Delta-v (velocity increment) budget
The Δv (pronounce delta-v) budget provides information on the types of maneuvres to be performed, their number and their size (in terms of velocity change to be accomplished). An example Δv budget is given in the next table.
A Δv budget usually stems from orbital analysis. However, the following data subdivided over three broad categories may help you to generate a preliminary Δv budget for the mission at hand without the need for time-consuming calculations.The three categories are:
- Launch into Low Earth Orbit (LEO)
- Impulsive shot manoeuvres
- Constant low thrust space manoeuvres
All values given are taken from lecture notes "Aerospace Design & Systems Engineering Elements I, Part: Spacecraft (bus) Design and Sizing", B.T.C. Zandbergen, TU-Delft, LR, November 2015.
Given the preliminary character of the data, it is advised to add a proper margin to this data.
Launch into Low Earth Orbit (LEO)
Table: Required Δv for launch into LEO
Launch into LEO (including drag and gravity loss)
Moon surface into Low Lunar Orbit (LLO)
LLO to Moon surface
Mars surface to Low Mars Orbit (LMO)
Low Mars orbit to Mars surface
9.2-10.2 (depending on vehicle size and ascent trajectory)
2.0-2.6 km/s (2.2 km/s for Apollo ascent stage)
1.6-2.9 km/s (2.5 km/s for Apollo descent stage)
4.7 km/s (including effect of atmospheric drag
Impulsive shot space manoeuvres
Next table provides typical Δv value(s) for impulsive shot space manoeuvres. These are manouevres wherein the effect of burn time is considered negligible. In reality, with increasing burn times, gravity loss will increase.
Table: Typical Δv value(s) for impulsive shot space manoeuvres
MTO to Mars orbit insertion:
Highly elliptical orbit
LEO to solar escape
- 50-55 m/s per year
- 100-400 m/s/year
- 30-100 m/s
Orbit control: Drag compensation
- < 100 m/s per year max. (<25 m/s average)
- < 25 m/s per year max. (< 5 m/s average)
- < 7.5 m/s per year max.
Attitude control: 3-axis control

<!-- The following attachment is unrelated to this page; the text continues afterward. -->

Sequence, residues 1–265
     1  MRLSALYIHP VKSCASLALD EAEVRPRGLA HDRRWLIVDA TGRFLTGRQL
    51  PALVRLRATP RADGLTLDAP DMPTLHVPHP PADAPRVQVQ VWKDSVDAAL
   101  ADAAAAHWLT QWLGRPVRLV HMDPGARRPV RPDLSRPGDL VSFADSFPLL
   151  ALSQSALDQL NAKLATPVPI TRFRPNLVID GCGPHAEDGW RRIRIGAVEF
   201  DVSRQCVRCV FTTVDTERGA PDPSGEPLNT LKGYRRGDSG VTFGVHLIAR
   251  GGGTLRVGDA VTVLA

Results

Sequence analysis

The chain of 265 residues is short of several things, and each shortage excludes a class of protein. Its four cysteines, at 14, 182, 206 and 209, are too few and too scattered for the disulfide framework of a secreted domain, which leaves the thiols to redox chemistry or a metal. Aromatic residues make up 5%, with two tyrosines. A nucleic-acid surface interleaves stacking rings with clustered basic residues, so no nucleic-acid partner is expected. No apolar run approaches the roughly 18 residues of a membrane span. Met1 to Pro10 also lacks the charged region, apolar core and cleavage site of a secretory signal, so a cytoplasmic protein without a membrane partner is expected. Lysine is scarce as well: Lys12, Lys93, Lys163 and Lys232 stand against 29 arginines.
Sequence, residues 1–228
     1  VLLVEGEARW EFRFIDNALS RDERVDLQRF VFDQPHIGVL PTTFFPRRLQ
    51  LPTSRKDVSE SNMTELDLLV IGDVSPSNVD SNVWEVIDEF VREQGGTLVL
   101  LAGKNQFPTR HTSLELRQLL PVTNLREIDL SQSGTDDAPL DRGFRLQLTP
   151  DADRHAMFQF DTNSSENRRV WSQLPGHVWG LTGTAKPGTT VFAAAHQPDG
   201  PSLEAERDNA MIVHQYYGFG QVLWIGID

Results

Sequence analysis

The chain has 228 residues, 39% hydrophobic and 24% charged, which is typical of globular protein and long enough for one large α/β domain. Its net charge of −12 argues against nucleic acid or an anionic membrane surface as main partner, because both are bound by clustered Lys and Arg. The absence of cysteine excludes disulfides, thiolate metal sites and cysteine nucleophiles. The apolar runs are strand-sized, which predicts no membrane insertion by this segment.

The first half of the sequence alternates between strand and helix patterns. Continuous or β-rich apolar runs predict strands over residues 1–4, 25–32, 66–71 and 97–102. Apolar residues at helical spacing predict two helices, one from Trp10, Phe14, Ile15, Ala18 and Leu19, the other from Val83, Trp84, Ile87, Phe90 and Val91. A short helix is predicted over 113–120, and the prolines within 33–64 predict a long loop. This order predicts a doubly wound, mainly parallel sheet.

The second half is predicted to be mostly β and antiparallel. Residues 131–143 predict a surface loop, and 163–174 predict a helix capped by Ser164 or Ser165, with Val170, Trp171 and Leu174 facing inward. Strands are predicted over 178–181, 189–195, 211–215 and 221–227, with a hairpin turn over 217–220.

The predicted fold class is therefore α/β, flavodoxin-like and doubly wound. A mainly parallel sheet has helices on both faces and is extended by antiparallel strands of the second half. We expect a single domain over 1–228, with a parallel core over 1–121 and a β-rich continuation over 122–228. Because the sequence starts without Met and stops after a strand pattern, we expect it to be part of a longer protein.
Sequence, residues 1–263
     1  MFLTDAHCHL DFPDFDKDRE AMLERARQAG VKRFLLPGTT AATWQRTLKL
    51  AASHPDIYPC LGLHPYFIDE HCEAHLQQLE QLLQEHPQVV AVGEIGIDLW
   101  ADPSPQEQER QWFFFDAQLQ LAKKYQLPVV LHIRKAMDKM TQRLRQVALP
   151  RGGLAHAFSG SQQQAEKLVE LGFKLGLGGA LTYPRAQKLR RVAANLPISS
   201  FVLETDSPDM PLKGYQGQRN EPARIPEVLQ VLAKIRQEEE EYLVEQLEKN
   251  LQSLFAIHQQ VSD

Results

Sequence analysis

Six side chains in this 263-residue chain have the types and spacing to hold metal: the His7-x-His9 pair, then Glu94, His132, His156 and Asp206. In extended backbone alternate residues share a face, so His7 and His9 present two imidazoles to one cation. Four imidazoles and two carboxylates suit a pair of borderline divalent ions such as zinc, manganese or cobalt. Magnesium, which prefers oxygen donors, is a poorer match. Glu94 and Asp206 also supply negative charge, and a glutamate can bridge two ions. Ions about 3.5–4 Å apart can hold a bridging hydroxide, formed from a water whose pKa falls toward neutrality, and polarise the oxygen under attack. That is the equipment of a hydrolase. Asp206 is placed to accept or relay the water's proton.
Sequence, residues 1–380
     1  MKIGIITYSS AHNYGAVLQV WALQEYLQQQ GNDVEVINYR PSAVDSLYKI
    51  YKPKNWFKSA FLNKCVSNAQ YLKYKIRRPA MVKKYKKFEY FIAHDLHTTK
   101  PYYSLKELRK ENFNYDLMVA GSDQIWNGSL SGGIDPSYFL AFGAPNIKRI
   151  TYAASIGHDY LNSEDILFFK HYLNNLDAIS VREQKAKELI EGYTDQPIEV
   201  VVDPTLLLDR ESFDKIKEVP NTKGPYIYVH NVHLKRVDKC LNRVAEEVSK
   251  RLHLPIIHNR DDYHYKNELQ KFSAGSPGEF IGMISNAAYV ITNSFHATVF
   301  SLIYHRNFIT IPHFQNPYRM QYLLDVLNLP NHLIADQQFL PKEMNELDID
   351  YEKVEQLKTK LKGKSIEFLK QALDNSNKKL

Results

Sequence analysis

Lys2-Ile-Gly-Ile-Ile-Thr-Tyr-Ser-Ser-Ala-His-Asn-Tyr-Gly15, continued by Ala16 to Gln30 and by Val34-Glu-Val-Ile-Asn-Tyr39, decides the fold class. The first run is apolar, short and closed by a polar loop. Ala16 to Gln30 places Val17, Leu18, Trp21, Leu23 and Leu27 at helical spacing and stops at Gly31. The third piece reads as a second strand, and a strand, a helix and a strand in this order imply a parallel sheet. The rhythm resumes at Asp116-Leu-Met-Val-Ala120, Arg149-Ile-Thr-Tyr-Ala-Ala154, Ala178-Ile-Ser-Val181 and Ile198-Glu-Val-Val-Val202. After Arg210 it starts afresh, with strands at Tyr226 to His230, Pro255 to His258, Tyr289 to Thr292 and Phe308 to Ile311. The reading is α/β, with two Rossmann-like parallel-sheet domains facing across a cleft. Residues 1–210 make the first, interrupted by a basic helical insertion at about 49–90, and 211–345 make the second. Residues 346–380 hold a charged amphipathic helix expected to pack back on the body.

2-6 m/s per year
Constant low thrust space manoeuvres
Because of gravity loss, low thrust-to-weight (T/W) propulsion systems suffer a loss in performance equivalent to increasing the effective mission Δv. For example, the impulsive Δv for a high T/W transfer from LEO to GEO is 4.2 km/s; for a low T/W transfer, the effective Δv is about 5.9 km/s. However, even with gravity losses, low T/W propulsion systems can still out-perform high T/W impulsive systems, because the very high specific impulse of some low T/W systems (greater than 1000 s) more than compensates for the increase in effective Δv.
Table: Typical Δv value(s) for constant low thrust (acceleration < 0.001 m/s2) orbit transfer (propellant mass is negligible)
LEO (200 km altitude) to GEO (no plane change)
a is 0.001 m/s2: ~55 days
LEO (200 km altitude) to GEO (including 28o plane change)
a is 0.001 m/s2: ~70 days
LEO to MEO (19150 km altitude; no plane change)
a is 0.001 m/s2: ~44 days
LEO to Earth escape for different values of initial acceleration-to-local gravitational acceleration:
LEO to Lunar orbit
LEO to Mars orbit
Next figure illustrates the effect of the thrust-to-weight ratio (as a measure for the vehicle acceleration) on mission Δv for low thrust LEO to GEO transfer. With decreasing thrust-to weight ratio, the mission Δv increases.
Figure: Low thrust LEO-to-GEO orbit transfer (one-way only) including 28.5 degrees plane change (launch from Eastern Test Range)
Note: A thrust-to-weight ratio of 0.1 corresponds to an initial acceleration of about 1 m/s2.
Travel time calculation example:
Taking a(n) initial thrust-to-weight (T/W) ratio of 0.001 (initial acceleration of 0.01m/s2 ) to achieve a velocity increment of 5.9 km/s and assuming a constant acceleration leads to a transfer or travel time of about 6.8 days. For a spacecraft with an initial weight of 20000 N (~2000 kg mass), we find for the required thrust level a value of 20 N. Assuming a specific impulse of 2000 s this gives then a mass flow of ~ 1g/s. Multiplying by the travel time, this gives a propellant mass of 616 kg. On the other hand, using the rocket equation, we find an initial-to-empty mass ratio of 1.34 or an empty mass of 1489 kg. This leads to a propellant mass of 511 kg, which is ~ 100 kg below the propellant mass estimated assuming a constant acceleration. Since mass flow of propellant is constant, we find for the travel time 511 kg / 1 g/s = 511000 s = 5.91 days.